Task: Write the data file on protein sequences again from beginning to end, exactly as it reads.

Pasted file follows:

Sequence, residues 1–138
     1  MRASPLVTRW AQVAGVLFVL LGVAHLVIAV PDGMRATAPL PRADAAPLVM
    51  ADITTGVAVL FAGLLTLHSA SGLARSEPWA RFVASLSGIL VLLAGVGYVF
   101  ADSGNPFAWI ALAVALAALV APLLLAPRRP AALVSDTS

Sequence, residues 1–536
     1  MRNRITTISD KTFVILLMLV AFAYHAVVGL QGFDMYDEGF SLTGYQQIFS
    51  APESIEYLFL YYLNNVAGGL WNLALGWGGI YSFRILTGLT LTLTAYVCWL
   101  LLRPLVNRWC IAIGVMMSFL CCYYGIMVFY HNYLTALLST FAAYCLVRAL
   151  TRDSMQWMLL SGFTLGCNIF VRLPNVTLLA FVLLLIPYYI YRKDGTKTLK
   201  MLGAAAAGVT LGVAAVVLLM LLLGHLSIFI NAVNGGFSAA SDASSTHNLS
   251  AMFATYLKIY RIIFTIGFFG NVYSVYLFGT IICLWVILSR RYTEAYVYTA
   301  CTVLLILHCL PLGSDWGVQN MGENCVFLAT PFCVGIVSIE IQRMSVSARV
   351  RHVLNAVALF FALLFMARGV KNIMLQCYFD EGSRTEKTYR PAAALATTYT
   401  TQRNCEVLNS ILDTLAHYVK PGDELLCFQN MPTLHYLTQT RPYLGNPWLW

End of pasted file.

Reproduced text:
Sequence, residues 1–138
     1  MRASPLVTRW AQVAGVLFVL LGVAHLVIAV PDGMRATAPL PRADAAPLVM
    51  ADITTGVAVL FAGLLTLHSA SGLARSEPWA RFVASLSGIL VLLAGVGYVF
   101  ADSGNPFAWI ALAVALAALV APLLLAPRRP AALVSDTS

Sequence, residues 1–536
     1  MRNRITTISD KTFVILLMLV AFAYHAVVGL QGFDMYDEGF SLTGYQQIFS
    51  APESIEYLFL YYLNNVAGGL WNLALGWGGI YSFRILTGLT LTLTAYVCWL
   101  LLRPLVNRWC IAIGVMMSFL CCYYGIMVFY HNYLTALLST FAAYCLVRAL
   151  TRDSMQWMLL SGFTLGCNIF VRLPNVTLLA FVLLLIPYYI YRKDGTKTLK
   201  MLGAAAAGVT LGVAAVVLLM LLLGHLSIFI NAVNGGFSAA SDASSTHNLS
   251  AMFATYLKIY RIIFTIGFFG NVYSVYLFGT IICLWVILSR RYTEAYVYTA
   301  CTVLLILHCL PLGSDWGVQN MGENCVFLAT PFCVGIVSIE IQRMSVSARV
   351  RHVLNAVALF FALLFMARGV KNIMLQCYFD EGSRTEKTYR PAAALATTYT
   401  TQRNCEVLNS ILDTLAHYVK PGDELLCFQN MPTLHYLTQT RPYLGNPWLW